The next obvious question to ask is: how did the policy and the law suddenly insist that there cannot be one more MICSS once the sixtieth school had been built by the end of the Seventies?
Obviously, the education minister has not thought carefully about the implications of his statement. If he values critical thinking among Malaysian students, these are the questions they would be likely to ask:
Which education policy?
When the Education Minister refers to the education policy, we presume he is referring to the 1956 Razak Report which proposed: “the ultimate objective of educational policy…in which the national language is the main medium of instruction….whilst preserving and sustaining the growth of the language and culture of other communities living in the country.”
Clearly, until the Education Act 1961 was legislated, this education policy (embodied in the 1957 Education Ordinance) allowed the 78Chinese secondary schools to exist.
We all know that the law overrides government policy but the education policy the Education Minister is referring to – embodied in the Razak Report – did allow the state-run Chinese Secondary Schools to exist right up to 1961!
Which education act?
Of course, this is a rhetorical question. We all know the latest law in question is the 1996 Education Act. However, many Malaysians including lawyers are not aware of the nuances of the education law in this country.
Before the 1996 Education Act, the mother tongue lobby had protested against Section 21(2) of the 1961 Act which stipulated that the Minister of Education “may at any suitable time convert all national-type primary schools to national primary schools.”
When the 1996 Education Act came in, as expected, Section 21(2) of the previous law was no longer there. However, under section 17.11 of the new law, all schools in the National Education System had to use Bahasa Malaysia as the main medium of instruction. (Note that under the 1961 Act, only primary schools were affected.)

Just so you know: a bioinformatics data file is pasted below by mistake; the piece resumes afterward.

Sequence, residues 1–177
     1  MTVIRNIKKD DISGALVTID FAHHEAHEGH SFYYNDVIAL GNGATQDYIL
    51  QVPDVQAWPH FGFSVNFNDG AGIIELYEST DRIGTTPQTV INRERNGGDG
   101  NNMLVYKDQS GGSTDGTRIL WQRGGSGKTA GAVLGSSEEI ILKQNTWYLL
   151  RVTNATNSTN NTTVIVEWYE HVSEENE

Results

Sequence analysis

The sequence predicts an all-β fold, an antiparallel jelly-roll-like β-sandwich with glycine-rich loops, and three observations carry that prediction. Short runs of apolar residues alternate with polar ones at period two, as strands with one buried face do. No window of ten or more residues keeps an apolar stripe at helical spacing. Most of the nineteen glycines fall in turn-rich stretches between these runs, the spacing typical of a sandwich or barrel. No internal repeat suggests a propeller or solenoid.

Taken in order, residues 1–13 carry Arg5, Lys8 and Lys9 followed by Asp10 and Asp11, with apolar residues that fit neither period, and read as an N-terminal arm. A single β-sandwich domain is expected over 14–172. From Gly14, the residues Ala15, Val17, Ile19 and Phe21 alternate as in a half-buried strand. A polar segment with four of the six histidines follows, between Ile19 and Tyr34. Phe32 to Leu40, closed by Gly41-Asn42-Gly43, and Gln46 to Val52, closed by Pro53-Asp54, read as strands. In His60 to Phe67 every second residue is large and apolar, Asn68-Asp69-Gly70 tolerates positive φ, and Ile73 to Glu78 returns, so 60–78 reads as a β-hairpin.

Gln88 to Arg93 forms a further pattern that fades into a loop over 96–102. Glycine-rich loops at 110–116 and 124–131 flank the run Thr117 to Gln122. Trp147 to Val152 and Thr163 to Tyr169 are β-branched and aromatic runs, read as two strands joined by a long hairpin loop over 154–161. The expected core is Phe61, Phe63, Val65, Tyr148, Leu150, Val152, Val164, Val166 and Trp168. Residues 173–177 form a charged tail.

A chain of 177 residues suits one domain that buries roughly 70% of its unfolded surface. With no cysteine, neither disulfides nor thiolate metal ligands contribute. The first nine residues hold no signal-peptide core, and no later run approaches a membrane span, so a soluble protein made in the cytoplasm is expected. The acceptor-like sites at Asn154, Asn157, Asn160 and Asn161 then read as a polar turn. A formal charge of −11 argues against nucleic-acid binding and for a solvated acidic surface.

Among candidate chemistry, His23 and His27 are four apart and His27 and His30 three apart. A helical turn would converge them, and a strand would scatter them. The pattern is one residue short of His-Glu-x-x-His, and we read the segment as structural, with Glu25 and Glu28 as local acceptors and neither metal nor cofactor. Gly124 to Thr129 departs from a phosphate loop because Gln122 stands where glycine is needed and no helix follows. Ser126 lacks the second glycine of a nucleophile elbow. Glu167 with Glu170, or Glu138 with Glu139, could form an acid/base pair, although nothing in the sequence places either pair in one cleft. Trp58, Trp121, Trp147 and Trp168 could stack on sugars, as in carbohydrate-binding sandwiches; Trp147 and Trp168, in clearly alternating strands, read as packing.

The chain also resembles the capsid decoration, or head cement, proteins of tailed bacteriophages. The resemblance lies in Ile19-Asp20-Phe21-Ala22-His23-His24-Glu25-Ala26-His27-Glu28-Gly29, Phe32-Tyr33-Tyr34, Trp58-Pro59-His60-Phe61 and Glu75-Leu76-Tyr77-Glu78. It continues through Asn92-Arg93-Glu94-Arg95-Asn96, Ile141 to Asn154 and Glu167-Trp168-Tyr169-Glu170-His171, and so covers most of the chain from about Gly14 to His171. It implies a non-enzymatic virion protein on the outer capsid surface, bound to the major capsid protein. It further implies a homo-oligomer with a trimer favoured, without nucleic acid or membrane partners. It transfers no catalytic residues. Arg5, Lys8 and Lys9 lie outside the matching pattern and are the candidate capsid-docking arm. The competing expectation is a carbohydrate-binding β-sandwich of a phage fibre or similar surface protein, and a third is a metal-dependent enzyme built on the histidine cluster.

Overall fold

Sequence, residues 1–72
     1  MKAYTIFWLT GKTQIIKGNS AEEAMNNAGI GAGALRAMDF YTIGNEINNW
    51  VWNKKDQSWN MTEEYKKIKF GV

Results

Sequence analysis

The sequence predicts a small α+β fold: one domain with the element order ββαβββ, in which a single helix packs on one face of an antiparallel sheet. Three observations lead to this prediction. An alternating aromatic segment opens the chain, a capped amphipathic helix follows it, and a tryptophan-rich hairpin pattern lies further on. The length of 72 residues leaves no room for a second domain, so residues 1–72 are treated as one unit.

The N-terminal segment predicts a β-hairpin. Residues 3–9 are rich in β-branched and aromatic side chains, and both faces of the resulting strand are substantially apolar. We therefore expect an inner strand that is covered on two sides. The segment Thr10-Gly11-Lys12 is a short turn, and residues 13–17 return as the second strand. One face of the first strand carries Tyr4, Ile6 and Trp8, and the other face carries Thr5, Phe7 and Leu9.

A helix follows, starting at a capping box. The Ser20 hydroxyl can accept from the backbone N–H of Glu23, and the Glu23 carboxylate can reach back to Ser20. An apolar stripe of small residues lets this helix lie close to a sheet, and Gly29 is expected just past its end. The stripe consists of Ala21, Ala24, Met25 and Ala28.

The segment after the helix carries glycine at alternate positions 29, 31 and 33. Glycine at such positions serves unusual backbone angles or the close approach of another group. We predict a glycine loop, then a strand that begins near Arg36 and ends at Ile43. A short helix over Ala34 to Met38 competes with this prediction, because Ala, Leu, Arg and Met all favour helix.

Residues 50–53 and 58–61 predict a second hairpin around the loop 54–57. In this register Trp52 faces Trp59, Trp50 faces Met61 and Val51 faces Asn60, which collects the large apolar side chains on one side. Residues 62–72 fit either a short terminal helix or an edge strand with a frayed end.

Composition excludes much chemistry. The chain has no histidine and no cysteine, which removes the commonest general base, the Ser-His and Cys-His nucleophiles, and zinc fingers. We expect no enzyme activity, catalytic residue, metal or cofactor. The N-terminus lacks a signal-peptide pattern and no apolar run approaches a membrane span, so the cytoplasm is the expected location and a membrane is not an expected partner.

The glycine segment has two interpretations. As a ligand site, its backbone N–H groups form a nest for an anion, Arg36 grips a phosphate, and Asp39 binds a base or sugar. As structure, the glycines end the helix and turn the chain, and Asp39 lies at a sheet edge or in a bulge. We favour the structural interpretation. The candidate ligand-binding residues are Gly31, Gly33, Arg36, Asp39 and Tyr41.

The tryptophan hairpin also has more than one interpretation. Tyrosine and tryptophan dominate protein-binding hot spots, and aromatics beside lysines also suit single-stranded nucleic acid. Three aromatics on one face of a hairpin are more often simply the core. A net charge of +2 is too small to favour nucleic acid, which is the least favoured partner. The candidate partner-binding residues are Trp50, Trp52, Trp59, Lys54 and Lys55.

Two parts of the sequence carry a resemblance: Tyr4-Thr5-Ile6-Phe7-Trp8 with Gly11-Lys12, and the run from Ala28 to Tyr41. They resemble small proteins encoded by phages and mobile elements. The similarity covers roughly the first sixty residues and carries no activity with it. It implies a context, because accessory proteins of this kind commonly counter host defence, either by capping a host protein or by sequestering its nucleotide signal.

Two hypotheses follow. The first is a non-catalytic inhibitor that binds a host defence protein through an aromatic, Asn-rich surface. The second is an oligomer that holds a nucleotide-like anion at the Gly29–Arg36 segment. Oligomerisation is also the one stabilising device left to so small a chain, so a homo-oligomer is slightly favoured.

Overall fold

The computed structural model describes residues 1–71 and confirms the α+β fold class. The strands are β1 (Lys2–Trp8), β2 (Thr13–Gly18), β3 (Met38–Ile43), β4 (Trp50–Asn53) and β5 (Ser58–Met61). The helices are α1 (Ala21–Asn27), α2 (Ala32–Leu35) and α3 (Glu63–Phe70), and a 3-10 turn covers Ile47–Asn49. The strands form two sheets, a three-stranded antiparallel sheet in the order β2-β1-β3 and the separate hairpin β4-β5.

There were only two exceptions to this provision: (i) schools which are given exemption by the Minister; and (2) the “national-type schools” to be established in future under Section 28.
The national education system covers all educational institutions, viz. government, government-aided as well as private educational institutions . (s.16)
It practically comprises all types of schools providing pre-school, primary, secondary, post-secondary and higher education, but not expatriate schools. (s.15)
Double standards over English-language schools
The recent proliferation of international schools in this country and their liberal enrolment of rich Malaysian students also make a mockery of the government’s claim to implement a National Education Policy (specifying Malay as the main medium of instruction) for all Malaysians.
Why does the English-language have priority over the mother tongue of Malaysians?
If the government can allow hundreds of institutions in the country to use the English language, what is the problem with allowing one more MICSS school in which BM and English are compulsory subjects?
Of late, the government under Prime Minister Najib Abdul Razak has been appealing to the people to believe in their determination to reform the country.
Now if they are committed to support mother tongue education, why cannot the policy and the law be amended to allow the free development of mother tongue education? If laws relating to national security can be changed, why cannot educational laws be changed?
The contributions of MICSS to national development
The 60 MICSS have been surviving all these years through the support of the community which subsidizes their tuition fees. Although the Unified Examination Certificate (UEC) is recognised round the world, our own government still refuses to recognise it.